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Chicago cops pull over internal affairs chief's car; niece behind wheel reportedly says 'My auntie’s probably your boss' after passenger tries ditching 84 heroin packets
Yolanda Talley, chief of Internal Affairs, Chicago Police Department (Image source: YouTube screenshot)

Chicago cops pull over internal affairs chief's car; niece behind wheel reportedly says 'My auntie’s probably your boss' after passenger tries ditching 84 heroin packets

When Chicago police on Feb. 1 pulled over a Lexus belonging to Yolanda Talley, their new chief of internal affairs, Talley wasn't in the vehicle — but her niece was, along with a male passenger who tried to ditch 84 packets of heroin valued at $6,300, the Chicago Sun-Times reported, citing police records and a source familiar with the investigation.

What's more, Talley's niece — who was behind the wheel — told cops "my auntie’s probably your boss,” the source noted to the Sun-Times.

What else?

The traffic stop in the 500 block of North St. Louis Avenue occurred after officers in a gang investigations unit targeting drug sales spotted a man in a black mask picking up a bag near a black SUV and entering the passenger side of a four-door silver Lexus, the paper said in a previous story, citing a police report.

Officers said they stopped the car because the driver failed to use a turn signal, the Sun-Times said, adding that the passenger tossed a baggie containing 84 pink packets of heroin out of the window. Police said they recovered about 42 grams of heroin worth about $6,300, the paper said.

Police arrested the passenger — 34-year-old Kenneth Miles — for possession of a controlled substance, a felony, the paper said. But Talley’s niece was let go because there wasn’t clear evidence linking her to the heroin, the source told the Sun-Times.

Court records indicate that Talley's niece lives with Miles, the paper said, adding that he's a reputed member of the Traveling Vice Lords street gang and that court records show he has a lengthy criminal record that includes seven drug-related convictions.

Miles on Feb. 1 was free on bail in connection to a separate felony case for allegedly selling fentanyl, the Sun-Times said, adding that the Cook County sheriff’s office said he was being held in jail without bail.

In addition, Miles reportedly provided police with bad information that led to a botched raid at the home of Anjanette Young in 2019, WGN-TV reported, citing sources and police records.

The Civilian Office of Police Accountability in November published a report recommending suspensions for seven officers involved in the raid, the station said, adding that City Council in December approved a $2.9 million settlement in Young’s lawsuit stemming from the raid.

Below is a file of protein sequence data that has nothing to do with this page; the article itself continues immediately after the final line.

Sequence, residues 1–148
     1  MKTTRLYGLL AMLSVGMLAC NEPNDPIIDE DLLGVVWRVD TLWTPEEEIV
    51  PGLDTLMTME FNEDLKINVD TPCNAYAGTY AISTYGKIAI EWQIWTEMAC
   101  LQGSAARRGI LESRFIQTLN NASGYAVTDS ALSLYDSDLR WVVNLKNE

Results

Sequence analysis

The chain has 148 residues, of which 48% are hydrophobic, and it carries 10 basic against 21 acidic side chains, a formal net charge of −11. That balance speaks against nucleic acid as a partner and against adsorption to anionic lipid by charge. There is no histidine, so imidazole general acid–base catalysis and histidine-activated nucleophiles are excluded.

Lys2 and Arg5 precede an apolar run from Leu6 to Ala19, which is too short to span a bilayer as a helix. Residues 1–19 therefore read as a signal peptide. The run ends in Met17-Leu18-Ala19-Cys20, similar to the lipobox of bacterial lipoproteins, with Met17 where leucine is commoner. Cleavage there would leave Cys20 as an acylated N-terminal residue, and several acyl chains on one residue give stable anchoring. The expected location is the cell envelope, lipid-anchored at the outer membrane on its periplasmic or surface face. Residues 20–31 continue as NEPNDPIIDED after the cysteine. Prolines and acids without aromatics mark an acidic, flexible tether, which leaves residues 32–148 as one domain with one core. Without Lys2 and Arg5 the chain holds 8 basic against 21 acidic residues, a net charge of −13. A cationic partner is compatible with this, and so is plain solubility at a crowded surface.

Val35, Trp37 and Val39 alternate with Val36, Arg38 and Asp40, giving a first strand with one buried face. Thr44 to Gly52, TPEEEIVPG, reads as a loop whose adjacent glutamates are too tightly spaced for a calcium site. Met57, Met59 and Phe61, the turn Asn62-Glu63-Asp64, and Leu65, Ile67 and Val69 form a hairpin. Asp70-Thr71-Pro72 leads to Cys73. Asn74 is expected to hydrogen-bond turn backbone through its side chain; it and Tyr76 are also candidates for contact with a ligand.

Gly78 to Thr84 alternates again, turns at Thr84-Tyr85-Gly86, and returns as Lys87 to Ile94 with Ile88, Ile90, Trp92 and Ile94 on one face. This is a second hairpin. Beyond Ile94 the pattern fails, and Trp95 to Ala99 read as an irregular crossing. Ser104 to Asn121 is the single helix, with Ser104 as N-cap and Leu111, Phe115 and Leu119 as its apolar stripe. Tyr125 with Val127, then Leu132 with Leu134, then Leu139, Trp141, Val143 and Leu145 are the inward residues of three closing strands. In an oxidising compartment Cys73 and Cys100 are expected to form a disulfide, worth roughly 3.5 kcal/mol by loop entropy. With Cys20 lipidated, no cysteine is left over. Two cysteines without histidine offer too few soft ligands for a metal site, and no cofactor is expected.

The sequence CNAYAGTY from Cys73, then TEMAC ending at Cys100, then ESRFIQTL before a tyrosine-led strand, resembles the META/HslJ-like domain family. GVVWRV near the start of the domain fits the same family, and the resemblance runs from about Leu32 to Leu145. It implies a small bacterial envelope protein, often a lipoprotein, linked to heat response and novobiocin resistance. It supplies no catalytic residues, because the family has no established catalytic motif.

What happened to the car?

Following conversations between high-ranking police officials, a decision was made not to impound Talley's car, even though that's the routine procedure for cars stopped during narcotics arrests so they can be searched for guns and drugs, the paper said.

With that, officers drove Talley’s Lexus back to the block where the arrest took place and returned the keys to her niece, the source told the Sun-Times.

One day after the traffic stop, involved officers were taken off the street for training with no further explanation, the Sun-Times said, adding that the source said it was apparent “punishment.”

“This was in direct response to this incident,” the source also noted to the paper, adding that all the officers are expected to return to normal duty next week.

The Sun-Times — citing a high-ranking police official — also reported that pulling those officers from the street is a decision that only could have come from Superintendent David Brown, First Deputy Superintendent Eric Carter, or Chief Ernest Cato.

Still, the source added to the paper that “knowing what we know, I don’t think Chief Yolanda Talley had any idea what was going on with her car."

What did Chicago police have to say about it all?

Police spokesman Don Terry said Tuesday that the incident involving Talley’s car has been referred to the city’s office of the inspector general in order to avoid a conflict of interest due to Talley's role as chief of internal affairs, which involves investigating misconduct allegations against other officers, the Sun-Times said.

The paper added in its initial story that Talley didn't respond to its email seeking comment. Terry declined to answer its questions, the Sun-Times also said.

Talley was promoted to chief of internal affairs in December, the Sun-Times said, adding that prior to that she was deputy chief of recruitment and retention and a deputy chief in charge of district commanders on the South Side.

The paper said Talley’s been a rising star in the department and that many police sources have indicated they believe she's being groomed for an even higher position, such as first deputy superintendent — the No. 2 spot in the department — if Carter retires.

Here's Talley in a CPD video titled "Be the Change," aimed at police recruitment, which was posted to YouTube prior to her promotion to internal affairs chief:

Be The Change: Deputy Chief Yolanda Talleyyoutu.be

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